A judge told jurors in the trial of Dr. Milos Klvana, who is accused of murdering infants through poor medical care, to begin their deliberations anew Monday after dismissing a juror who brought a dictionary into the jury room.
Los Angeles Superior Court Judge Judith C. Chirlin instructed the jury to start over after nine days of deliberations because the juror who brought the standard English dictionary to court last Thursday had to be replaced with an alternate.
Jurors are permitted to consider only the evidence presented at a trial. Chirlin dismissed the juror for seeking the dictionary definition of malice, which has a legal meaning that is central to the murder charges against Klvana and was defined by the judge in her instructions to the jury.
Klvana, 49, a Valencia obstetrician, is charged with nine counts of second-degree murder in the deaths of eight infants and a fetus between 1982 and 1986. He also faces 45 other felony charges such as insurance fraud, perjury, grand theft and conspiracy to unlawfully practice medicine.
The prosecution maintains that Klvana knowingly provided negligent medical care that led to the nine deaths, which resulted from common but high-risk birth complications allegedly mishandled by Klvana.
Klvana's defense attorneys, Rita-Jane Baird and Richard A. Leonard, suggested that the doctor may be guilty of manslaughter but not murder. They admitted that Klvana was negligent but argued that he did not know of his inadequacies.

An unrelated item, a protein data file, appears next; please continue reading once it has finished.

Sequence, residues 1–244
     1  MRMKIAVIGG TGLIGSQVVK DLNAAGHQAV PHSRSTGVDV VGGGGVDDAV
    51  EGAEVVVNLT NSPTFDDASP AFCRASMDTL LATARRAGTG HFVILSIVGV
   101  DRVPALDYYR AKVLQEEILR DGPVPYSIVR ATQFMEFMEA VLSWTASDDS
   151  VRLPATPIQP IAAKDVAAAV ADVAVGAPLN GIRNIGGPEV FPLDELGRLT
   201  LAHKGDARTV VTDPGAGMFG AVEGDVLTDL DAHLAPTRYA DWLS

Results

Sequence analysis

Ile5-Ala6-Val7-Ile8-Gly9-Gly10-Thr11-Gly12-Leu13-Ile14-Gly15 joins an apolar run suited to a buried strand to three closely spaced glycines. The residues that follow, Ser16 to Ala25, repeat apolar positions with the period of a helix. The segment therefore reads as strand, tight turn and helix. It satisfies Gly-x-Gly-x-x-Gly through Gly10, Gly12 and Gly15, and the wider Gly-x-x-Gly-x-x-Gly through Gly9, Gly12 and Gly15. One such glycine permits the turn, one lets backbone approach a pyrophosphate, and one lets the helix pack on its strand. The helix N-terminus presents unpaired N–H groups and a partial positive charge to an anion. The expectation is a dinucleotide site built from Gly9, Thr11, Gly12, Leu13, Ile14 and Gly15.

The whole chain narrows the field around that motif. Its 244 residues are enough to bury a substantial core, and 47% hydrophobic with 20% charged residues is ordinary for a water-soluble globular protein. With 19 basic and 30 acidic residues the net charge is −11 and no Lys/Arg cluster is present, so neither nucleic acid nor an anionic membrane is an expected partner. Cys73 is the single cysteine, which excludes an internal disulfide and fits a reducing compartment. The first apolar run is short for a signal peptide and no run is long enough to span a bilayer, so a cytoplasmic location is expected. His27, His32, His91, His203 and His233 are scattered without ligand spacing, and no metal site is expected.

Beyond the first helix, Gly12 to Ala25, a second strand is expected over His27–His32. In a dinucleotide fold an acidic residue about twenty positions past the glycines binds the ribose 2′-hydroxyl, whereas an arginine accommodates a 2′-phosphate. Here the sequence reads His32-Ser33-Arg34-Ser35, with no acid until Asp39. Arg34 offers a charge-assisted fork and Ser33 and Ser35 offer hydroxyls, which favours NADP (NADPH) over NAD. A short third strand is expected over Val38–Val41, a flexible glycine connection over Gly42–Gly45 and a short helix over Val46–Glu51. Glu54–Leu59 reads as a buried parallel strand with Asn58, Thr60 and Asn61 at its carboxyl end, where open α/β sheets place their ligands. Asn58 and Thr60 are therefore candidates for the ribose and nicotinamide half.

Six of the nine deaths were attributed by the prosecution to Klvana's alleged misuse of Pitocin, a labor-inducing drug.
It was not disclosed whether the jury had reached a verdict on any of the charges.
"The only thing you know for certain is that it will be a different mix of 12 jurors," said the prosecutor, Deputy Dist. Atty. Brian R. Kelberg.
Leonard said he suspected the jury had finished with the other felony counts and was about to delve into the murder charges. The dismissed juror told the judge he brought in the dictionary to look up the word "malice."
Klvana is being prosecuted under the legal theory of "implied malice," in which he is alleged to have proceeded with high-risk deliveries despite knowing that his care was potentially deadly. The issue will be among several in an appeal that probably will be filed in the case, he said.